You even heard some of your coworkers said at the end of the meeting: “I bite my tongue because I really not agree with what Mr. Z said on this topic”.

Another option?

Maybe, If we want more interactions, if we want people to ask for clarifications when it’s time to do that, we need to use another format of meetings.

One of those formats could be a Fish Bowl.

In a fish bowl, the executive will not be alone in the center, so he can be joined in the fishbowl by some people in his or her management team. And it’s a moderated conversation, so topics can flow more freely from one or the other.

In addition, there’s an empty chair in the middle, and any person in the audience can sit on that chair to join the conversation at any time. When this occurs, an existing member of the fishbowl must leave the fishbowl and free a chair.

This way the clarifications questions and the slight disagreement could be covered at the moment they arise, and more questions and concerns can be covered.

Are you ready to try this?




The header picture is from Ryan McGuire.

Why Transformation Efforts Fail?

Thanks to a push email from Harvard Business Review, and discussions around ongoing transformation efforts, I read again an old article from John Kotter: Leading Change: Why Transformation Efforts Fail.

The first lesson is that change is not an event, it’s a process. The second lesson is that change takes time, and not following the change process could create an illusion of speed, but will result in failure.

If we study successful or unsuccessful changes attempt using the 8 steps proposed by Kotter, we could learn a lot on what we could improve in the future.

One aspect that is not directly covered in the 8 steps is what is called “Your organization”.

I learned from successful (and unsuccessful) changes, that defining “The Organization” is crucial. It will define who is part of the core group, and more importantly, who is part of the core group from the start.

Let’s say that in your organization, you have several teams that need to work together to deliver a product or a service, and you observe that they are struggling to deliver, they could even engage in politics and blame game.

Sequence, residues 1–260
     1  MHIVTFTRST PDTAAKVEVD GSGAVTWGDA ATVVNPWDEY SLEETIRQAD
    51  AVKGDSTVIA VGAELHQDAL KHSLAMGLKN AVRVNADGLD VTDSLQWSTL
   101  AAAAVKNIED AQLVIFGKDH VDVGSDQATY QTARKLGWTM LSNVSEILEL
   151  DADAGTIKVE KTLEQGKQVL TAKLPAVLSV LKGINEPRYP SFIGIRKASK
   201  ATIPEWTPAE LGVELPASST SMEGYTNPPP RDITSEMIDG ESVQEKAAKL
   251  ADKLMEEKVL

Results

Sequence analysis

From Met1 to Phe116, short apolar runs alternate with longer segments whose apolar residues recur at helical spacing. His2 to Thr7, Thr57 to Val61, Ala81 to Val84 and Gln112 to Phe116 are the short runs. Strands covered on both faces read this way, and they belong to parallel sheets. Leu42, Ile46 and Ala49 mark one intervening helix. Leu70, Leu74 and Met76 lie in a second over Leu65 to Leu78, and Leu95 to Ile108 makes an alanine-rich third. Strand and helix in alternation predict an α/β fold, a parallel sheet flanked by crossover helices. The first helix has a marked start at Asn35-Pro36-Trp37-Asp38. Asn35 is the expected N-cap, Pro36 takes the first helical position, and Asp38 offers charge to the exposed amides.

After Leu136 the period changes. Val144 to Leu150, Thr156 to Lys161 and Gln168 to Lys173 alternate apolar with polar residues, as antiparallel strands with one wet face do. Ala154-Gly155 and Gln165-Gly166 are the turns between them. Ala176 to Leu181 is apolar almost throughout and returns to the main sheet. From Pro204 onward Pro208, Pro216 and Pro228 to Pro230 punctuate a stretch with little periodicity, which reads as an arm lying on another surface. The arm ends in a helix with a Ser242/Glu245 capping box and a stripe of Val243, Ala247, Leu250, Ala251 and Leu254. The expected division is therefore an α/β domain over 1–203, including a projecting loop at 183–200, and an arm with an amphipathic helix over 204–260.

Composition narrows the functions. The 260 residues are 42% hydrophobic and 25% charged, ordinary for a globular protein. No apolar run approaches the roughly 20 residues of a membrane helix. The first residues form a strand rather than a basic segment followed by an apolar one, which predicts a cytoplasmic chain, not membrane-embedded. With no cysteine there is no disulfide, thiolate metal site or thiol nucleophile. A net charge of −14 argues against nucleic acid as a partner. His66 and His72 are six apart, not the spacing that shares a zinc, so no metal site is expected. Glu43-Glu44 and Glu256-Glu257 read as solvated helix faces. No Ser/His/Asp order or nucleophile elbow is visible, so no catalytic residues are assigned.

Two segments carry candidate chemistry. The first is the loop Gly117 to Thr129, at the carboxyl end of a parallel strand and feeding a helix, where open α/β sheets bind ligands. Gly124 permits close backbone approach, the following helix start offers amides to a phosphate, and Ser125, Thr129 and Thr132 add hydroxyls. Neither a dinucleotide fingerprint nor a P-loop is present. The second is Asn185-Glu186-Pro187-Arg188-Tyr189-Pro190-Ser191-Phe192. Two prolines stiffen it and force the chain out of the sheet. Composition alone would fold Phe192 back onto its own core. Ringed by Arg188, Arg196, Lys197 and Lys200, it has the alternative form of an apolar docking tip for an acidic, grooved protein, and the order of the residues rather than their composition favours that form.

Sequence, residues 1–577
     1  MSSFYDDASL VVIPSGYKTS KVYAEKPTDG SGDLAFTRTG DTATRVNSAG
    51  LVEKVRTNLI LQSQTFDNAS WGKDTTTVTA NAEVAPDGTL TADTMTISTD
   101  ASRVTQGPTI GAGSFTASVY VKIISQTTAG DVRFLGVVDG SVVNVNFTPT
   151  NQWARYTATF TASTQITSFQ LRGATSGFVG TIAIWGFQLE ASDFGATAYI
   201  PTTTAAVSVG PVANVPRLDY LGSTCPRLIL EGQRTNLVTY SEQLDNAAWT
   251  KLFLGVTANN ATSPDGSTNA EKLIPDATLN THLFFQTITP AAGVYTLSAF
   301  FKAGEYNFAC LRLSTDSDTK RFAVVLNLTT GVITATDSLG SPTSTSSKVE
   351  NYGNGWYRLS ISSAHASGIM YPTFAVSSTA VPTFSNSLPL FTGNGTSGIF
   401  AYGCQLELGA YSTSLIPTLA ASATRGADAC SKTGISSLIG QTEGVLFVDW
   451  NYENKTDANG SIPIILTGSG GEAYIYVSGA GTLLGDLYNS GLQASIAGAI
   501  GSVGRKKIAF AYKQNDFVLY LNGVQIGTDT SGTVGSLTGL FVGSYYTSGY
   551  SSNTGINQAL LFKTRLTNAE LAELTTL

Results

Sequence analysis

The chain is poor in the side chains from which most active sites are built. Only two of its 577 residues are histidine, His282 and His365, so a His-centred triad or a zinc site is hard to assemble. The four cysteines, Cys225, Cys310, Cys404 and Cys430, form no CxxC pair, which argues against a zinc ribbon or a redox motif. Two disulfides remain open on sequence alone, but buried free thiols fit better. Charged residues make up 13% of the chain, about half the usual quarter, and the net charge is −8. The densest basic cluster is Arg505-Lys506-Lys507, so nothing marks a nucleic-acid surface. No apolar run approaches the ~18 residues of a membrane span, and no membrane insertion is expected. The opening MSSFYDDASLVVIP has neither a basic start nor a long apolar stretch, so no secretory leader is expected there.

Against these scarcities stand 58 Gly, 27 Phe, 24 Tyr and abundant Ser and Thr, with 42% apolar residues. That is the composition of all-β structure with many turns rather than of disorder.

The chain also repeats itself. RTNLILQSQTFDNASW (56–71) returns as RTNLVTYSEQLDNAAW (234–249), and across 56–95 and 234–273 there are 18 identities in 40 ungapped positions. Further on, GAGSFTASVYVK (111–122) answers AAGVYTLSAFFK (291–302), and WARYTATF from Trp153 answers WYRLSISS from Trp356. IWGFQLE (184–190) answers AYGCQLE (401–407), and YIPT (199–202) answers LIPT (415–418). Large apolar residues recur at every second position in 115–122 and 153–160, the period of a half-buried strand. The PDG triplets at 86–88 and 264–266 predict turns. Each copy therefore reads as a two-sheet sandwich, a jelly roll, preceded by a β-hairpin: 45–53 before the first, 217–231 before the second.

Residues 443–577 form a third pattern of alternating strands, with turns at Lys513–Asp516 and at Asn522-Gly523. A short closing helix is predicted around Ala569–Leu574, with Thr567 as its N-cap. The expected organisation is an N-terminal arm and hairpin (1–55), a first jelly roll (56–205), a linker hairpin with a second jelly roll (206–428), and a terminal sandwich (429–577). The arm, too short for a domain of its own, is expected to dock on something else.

If you engage with team A and team B. That could be, for example, because they are at the beginning of the production process, or for other reason, as you will always find great justification for what you did and cannot undo. I am smiling there, at myself, please don’t be offended.

You could work with those teams on step 1, and establish a sense of urgency. You could work on step 2, and form a group that will lead the change.

Now that you learned more on the production process, you can clearly see that team C, plays a crucial role, and needs to be involved.

As you are yourself driven by the sense of urgency, you could decide to involve team C for step 3. You could rationalize this shortcut as much as you can, but it will cause you a lot of troubles.

The best option is to go back to step 1, and work with team A, B, and C on establishing a sense of urgency, and continue the process from there. Until that restart, Team C will not see the same crises or potential crises, they will not see the same causes, and they will not want their future to be dictated by other teams.


The header picture is from Ryan McGuire.

Fight Club Retrospective

You probably remember the first 2 rules of Fight Club, right?

Let’s review the rules:

“Welcome to Fight Club. The first rule of Fight Club is: you do not talk about Fight Club. The second rule of Fight Club is: you DO NOT talk about Fight Club! Third rule of Fight Club: if someone yells “stop!”, goes limp, or taps out, the fight is over. Fourth rule: only two guys to a fight. Fifth rule: one fight at a time, fellas. Sixth rule: the fights are bare knuckle. No shirt, no shoes, no weapons. Seventh rule: fights will go on as long as they have to. And the eighth and final rule: if this is your first time at Fight Club, you have to fight.”

― Chuck Palahniuk, Fight Club

Let’s now define what a retrospective is. A retrospective, is a specific session, in which a team reflects on what happened during the previous iteration. This reflection will lead the team to decisions, either to reinforce positive behaviors, or to invest time to improve what is preventing the members to achieve their goals.

There’s a lot of ways to facilitate retrospective, you could go here and there to find out more.